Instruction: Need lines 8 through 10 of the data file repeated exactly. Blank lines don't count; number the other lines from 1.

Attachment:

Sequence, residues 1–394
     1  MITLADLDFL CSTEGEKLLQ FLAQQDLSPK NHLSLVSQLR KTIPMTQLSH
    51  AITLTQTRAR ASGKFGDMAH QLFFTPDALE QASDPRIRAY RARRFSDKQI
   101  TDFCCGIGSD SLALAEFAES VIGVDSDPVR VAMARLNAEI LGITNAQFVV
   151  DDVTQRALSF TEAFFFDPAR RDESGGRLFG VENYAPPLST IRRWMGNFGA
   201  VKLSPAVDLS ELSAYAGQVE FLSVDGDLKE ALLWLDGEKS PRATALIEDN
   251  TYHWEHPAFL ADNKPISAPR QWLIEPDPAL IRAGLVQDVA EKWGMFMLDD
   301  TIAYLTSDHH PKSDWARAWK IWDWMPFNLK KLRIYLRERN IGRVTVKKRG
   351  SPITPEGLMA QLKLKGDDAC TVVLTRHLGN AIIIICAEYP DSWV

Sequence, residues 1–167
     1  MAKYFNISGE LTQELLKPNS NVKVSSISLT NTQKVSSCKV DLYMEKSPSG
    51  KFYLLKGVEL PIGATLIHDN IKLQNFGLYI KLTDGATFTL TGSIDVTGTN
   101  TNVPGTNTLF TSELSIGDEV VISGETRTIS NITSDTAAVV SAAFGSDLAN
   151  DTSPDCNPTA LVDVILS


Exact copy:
   301  TIAYLTSDHH PKSDWARAWK IWDWMPFNLK KLRIYLRERN IGRVTVKKRG
   351  SPITPEGLMA QLKLKGDDAC TVVLTRHLGN AIIIICAEYP DSWV

Sequence, residues 1–167